2. Materials and Methods

2.1. Study Design

In the present randomized, double-blind placebo-controlled trial, volunteering students at Lund University, in the ages between 18 and 30 years, participated during their exam period. Exclusion criteria were pregnancy as well as intake of antibiotics and temporary cortisone medication during the study period. A power calculation was conducted in order to decide the amount of subjects and 40 individuals were regarded as sufficient. 42 healthy young adults volunteered to the study, 28 females and 14 males, and all participants gave their signed informed consent for the study. After one male drop-out, 41 individuals completed the whole experimental period. 21 were given the test product in a daily dose of 1 1010 colony forming units of L. plantarum 299v in capsules (L. plantarum 299v, potato starch, hydroxypropyl methyl cellulose, and magnesium stearate, (Probi AB, Lund, Sweden)) and 20 were given placebo capsules, containing the same ingredients as the test product with the exception of the bacteria. Before starting the experimental period, there was a two-week wash-out period when the participants were instructed to avoid intake of probiotic products. Intake of the capsule occurred thereafter once a day after lunch and the subjects were asked not to eat, drink, smoke, or take snuff for one hour after the intake. The participants were also instructed to either chew on the capsule until the powder was dissolved in the mouth (minimum 30 sec) or empty the capsule on a spoon and chew the powder for 30 sec before ingesting. The reference samples for all participants were collected on day 0, before any intake of the product. The study continued for 14 days and the starting date was individually decided for all the participants, within a span of 1.5 weeks.

2.2. Psychological Assessment

A psychological assessment was included in order for the test subjects to evaluate their self-perceived stress. A questionnaire with 30 questions developed by Levenstein et al. [17] was used and the obtained lower score indicates a lower degree of stress and vice versa. An index giving a number between 0 and 1 was calculated using the following [17]:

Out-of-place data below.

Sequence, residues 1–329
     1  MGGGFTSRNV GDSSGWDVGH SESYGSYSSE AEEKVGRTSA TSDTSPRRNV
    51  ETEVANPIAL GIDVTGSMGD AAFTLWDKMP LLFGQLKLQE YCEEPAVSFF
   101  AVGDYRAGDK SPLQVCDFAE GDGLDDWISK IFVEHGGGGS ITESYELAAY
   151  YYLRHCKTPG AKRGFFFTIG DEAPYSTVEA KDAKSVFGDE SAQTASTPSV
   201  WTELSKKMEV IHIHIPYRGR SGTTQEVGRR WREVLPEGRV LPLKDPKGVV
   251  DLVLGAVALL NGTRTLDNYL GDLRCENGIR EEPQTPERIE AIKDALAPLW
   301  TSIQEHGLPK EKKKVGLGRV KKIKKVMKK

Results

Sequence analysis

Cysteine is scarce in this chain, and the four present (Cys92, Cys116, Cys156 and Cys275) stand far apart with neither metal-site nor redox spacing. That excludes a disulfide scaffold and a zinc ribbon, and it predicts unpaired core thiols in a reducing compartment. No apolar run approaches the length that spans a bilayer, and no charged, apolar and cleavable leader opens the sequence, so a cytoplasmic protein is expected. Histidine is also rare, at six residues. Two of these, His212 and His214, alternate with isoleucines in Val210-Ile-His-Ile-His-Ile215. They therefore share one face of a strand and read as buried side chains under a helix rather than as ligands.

2.3. Saliva Sampling

Minor gland saliva was collected from the lower labial mucosal areas as described earlier [18, 19] and whole saliva was harvested at the same sampling day. To reduce the influence of circadian variations in saliva secretion during collection, all sampling was made between 3 and 5 pm. All samples were collected on day 0 and day 14, and, on days 5 and 10, only cortisol samples were taken. The participants were instructed not to eat, drink, take snuff, smoke, brush their teeth, or do any kind of exercise one hour prior to sampling time. Alcohol was also prohibited twelve hours before the sample collection appointment.

2.4. Cortisol Analysis

Sampling of saliva for the cortisol analysis was performed with a Salivette® for cortisol (Sarstedt, Germany) and it was done after collection of saliva for IgA analysis. The participants were instructed to circulate the swamp in the mouth for 2–5 min, until it was filled with saliva and then carefully spit it back into the tube. The tubes were put on ice and later frozen at −20°C until analysis. The cortisol analysis was conducted by Labmedicin Skåne (the university and regional laboratories in Region Skåne, Sweden) and was performed according to accreditation. The method used was a one-step competition assay with the detection technique Electrochemiluminescence Immunoassay (ECLI) based on ruthenium (Ru) derivate [20].

2.5. Salivary IgA Analysis

Minor gland saliva was collected from the lower lip by a SialoPaper® strip (Oraflow Inc., New York, USA) and gently placed on mucosa for 60 s and the salivary volume within the strip was measured by a Periotron® 8000 (Oraflow Inc., New York, USA). The SialoPaper strip was put in 1 mL of PBS (1.5 mL PP, Sarstedt, Germany; Phosphate Buffered Saline, Dulbecco A, Oxoid, England) on ice and stored at −80°C until analysis. The unstimulated whole saliva was collected after sampling of minor gland saliva. The participants sat, leaning slightly forward, and let the saliva drain into a 2 mL micro tube with the help of a sterile straw (1 mL sterile disposable pipettes, Kemikalia, Sweden; 2 mL PP, Sarstedt, Germany). All samples were stored at −80°C until analysis.

The concentration of IgA secreted in the saliva is relative to the total protein amount and therefore the unit % IgA/total protein is chosen to represent the result of the whole saliva analysis. This is relevant since the secretion of IgA changes with the salivary flow rate, which in turn changes with stimuli on the autonomic nervous system, for example, acute stress, chronic stress, and resting. This change in flow rate is accounted for by measuring the % IgA/total protein in saliva, which makes it an accurate method when comparing data from different test subjects [21].

In order to analyse the salivary IgA concentration, a modified sandwich-ELISA was performed according to Krzywkowski et al. [22], using α1- and α2-chain-specific goat anti-human IgA (5 μg/mL, Sigma I0884; Sigma Chemical Co., St Louis, MO, USA) conjugated to alkaline phosphatase (Sigma A9669; diluted 1 : 30,000 in PBST). The total protein concentration was analysed by a quick start protein assay (BIO-RAD) [19, 22].

The salivary IgA in the minor gland saliva was expressed as mg/100 mL. The analysis of salivary IgA was conducted at the Faculty of Odontology at Malmö University (Malmö, Sweden).

2.6. Plate Count of Lactobacilli

In order to analyse the oral lactobacilli the test subjects chewed on a paraffin pellet (Orion Diagnostics) to stimulate the secretion of saliva, and collection was done in the same way as for salivary IgA in whole saliva. The collection of this saliva sample was done at the end of each sampling occasion, since this sampling method gives strongly stimulated saliva, contrary to the other methods. The tubes were put on ice and 0.25 mL of the saliva sample was transferred to another sterile micro tube (1.5 mL PP, Sarstedt, Germany) which contained 0.5 mL freezing media. Both tubes were saved in −80°C until analysis.